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Does Caffeine Really Cause Dehydration?

Does Caffeine Really Cause Dehydration

If you love caffeine then you have probably heard that drinking too much of it will dehydrate you. This ideology began in 1928 when a study was released to the public citing the diuretic effect caffeine had on the body. For decades people believed that the increase of urine loss would result in dehydration. But does caffeine really cause dehydration?

Some people will need to use the restroom more frequently and with a greater sense of urgency after consuming a caffeinated beverage. This is because caffeine is a diuretic. A diuretic is a medical term for anything that makes you have to urinate. Frequent urination is considered as one cause of dehydration. However, it is unlikely you could be at risk for dehydration from urination alone. Your body will always release fluids as soon as you replenish them. The fact that caffeine has a diuretic effect and the idea that frequent urination will dehydrate you triggered the false theory to live on. For dehydration symptoms and studies, continue reading on the next page.

Dehydration Symptoms and Studies

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Dehydration is a serious, life-threatening health issue. Some signs of dehydration include but are not limited to dry mouth, extreme thirst, headache, and dry skin. Often dehydration will occur after losing fluids due to sweating, urinating, vomiting or diarrhea. So you are probably still wondering what caffeine has to do with all of that. Well, the short answer is that it does not. There have been no definitive studies that have proven caffeine to cause dehydration. However, caffeine has both negative and positive side effects before and after consumption.

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In 2005 a scientist named Armstrong and his team set out to prove once and for all that caffeine itself does not directly cause dehydration. For 11 days, Armstrong and his team monitored a group of 59 healthy and active males and their caffeine consumption appropriate to their body mass and weight. Using 20 different biomarkers to monitor hydration levels they were able to determine that there was no difference in hydration levels between the control group and the test group. They also found that the amount of caffeine consumed and the size of the person had no effect on hydration levels. This means that a smaller person consuming as much caffeine as a larger person had no effect on hydration levels.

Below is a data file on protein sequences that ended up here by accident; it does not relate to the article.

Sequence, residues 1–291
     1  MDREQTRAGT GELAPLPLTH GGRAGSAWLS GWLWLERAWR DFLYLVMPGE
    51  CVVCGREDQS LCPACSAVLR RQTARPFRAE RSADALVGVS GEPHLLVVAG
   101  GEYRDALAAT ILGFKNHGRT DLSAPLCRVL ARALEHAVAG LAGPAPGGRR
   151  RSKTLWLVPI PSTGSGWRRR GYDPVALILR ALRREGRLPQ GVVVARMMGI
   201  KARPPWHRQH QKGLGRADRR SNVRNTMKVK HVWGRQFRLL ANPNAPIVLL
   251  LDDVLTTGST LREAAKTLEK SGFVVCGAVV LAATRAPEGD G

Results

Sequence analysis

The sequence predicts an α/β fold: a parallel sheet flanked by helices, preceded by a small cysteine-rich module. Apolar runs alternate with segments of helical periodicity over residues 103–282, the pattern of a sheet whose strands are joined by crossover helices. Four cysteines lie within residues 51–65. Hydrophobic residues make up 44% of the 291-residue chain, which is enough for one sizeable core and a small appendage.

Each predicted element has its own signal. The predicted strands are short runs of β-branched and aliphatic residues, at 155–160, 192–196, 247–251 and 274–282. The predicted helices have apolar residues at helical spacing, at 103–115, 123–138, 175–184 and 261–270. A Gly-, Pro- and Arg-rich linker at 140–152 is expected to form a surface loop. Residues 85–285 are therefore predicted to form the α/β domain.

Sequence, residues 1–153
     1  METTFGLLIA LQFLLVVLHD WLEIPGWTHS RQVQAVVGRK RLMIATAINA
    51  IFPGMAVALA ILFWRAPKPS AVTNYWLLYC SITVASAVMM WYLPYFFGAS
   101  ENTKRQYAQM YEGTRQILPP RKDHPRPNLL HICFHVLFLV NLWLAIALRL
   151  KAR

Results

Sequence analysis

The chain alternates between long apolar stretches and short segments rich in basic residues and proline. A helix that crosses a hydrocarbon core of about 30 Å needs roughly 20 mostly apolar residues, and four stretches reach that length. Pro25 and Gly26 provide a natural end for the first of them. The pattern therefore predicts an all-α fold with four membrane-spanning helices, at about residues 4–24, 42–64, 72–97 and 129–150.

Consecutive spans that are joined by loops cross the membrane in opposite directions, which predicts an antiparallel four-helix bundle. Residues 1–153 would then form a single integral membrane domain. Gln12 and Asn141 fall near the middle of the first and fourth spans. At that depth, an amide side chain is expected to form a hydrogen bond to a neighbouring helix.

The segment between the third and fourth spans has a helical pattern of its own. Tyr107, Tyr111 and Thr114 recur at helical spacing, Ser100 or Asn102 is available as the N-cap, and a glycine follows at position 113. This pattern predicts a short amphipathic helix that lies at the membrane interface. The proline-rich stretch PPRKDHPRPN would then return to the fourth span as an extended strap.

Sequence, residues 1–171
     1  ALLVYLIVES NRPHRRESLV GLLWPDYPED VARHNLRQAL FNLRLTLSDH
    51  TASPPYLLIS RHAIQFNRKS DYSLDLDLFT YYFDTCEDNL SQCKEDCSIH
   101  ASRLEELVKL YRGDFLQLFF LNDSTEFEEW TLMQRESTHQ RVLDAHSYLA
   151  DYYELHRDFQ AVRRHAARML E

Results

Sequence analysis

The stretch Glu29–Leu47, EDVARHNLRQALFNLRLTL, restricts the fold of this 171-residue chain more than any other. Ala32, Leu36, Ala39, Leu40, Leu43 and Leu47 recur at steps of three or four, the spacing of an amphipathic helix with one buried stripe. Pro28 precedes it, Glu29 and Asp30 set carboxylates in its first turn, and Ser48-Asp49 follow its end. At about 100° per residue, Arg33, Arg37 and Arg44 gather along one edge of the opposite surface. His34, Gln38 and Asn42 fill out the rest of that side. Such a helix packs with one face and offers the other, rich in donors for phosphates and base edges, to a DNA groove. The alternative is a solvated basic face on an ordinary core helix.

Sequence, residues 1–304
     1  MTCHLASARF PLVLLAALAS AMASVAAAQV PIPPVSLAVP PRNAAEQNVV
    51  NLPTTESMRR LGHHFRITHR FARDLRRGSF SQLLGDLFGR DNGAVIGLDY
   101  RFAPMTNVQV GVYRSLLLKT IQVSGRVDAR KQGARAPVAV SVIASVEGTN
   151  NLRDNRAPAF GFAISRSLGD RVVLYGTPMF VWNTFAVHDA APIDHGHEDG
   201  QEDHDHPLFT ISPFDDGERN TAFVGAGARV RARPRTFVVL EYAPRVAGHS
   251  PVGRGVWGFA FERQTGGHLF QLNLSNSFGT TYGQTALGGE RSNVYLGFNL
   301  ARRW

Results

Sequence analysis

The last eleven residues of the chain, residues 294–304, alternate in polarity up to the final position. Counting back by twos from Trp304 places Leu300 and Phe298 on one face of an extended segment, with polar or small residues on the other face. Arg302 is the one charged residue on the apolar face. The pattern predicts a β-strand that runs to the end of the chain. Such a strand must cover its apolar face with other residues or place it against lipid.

In 2014 another group of scientists wanted to test two theories about caffeine consumption. The first being that it causes dehydration and the second that it hydrates you. The team looked at both urine and blood levels before and after caffeine consumption. The result was that after caffeine consumption, there were no significant impacts on blood like clotting. They also discovered that there was no significant impact on urine volume and urine loss. The participants were still affected by the diuretic effects of caffeine, however not any more so than they normally would be drinking a beverage without caffeine. Their results showed that the impact caffeine has would neither hydrate you nor dehydrate you. For effects of caffeine consumption, continue reading on the next page.

Effects of Caffeine Consumption

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Of course, caffeine is not completely void of negative side effects. Over-consumption of caffeine can cause headaches, irritability, jittery or anxious behavior, insomnia, and addiction. For those who have trouble controlling or managing their blood pressure levels, caffeine consumption can increase your risk of raising your blood pressure. Over time, high blood pressure can result in heart disease in both men and women. The good news is that you do not have to cut out caffeine completely. There are other studies that prove the positive short and long-term effects of caffeine. Increased alertness, productivity, and mood boost are all naturally occurring and positive effects of drinking a caffeinated beverage.

Related: Addicted to Caffeine? 8 Urgent Reasons to Kick the Habit

Drinking caffeine should be done in moderation. Too much of any one thing can be harmful both in the short term and long term. It is nearly impossible to consume so much caffeine that you would die, as you would need to drink well over 10,000 milligrams in one day. So we now know that it is not solely caffeine that causes dehydration nor does it hydrate you either. We do know that consuming caffeine can cause negative issues. Nevertheless, it is often difficult to separate the effect of caffeine and the effect of other outside factors. Diet, activity level, overall lifestyle, and rest quality are all factors that can impact the negative side effects of caffeine.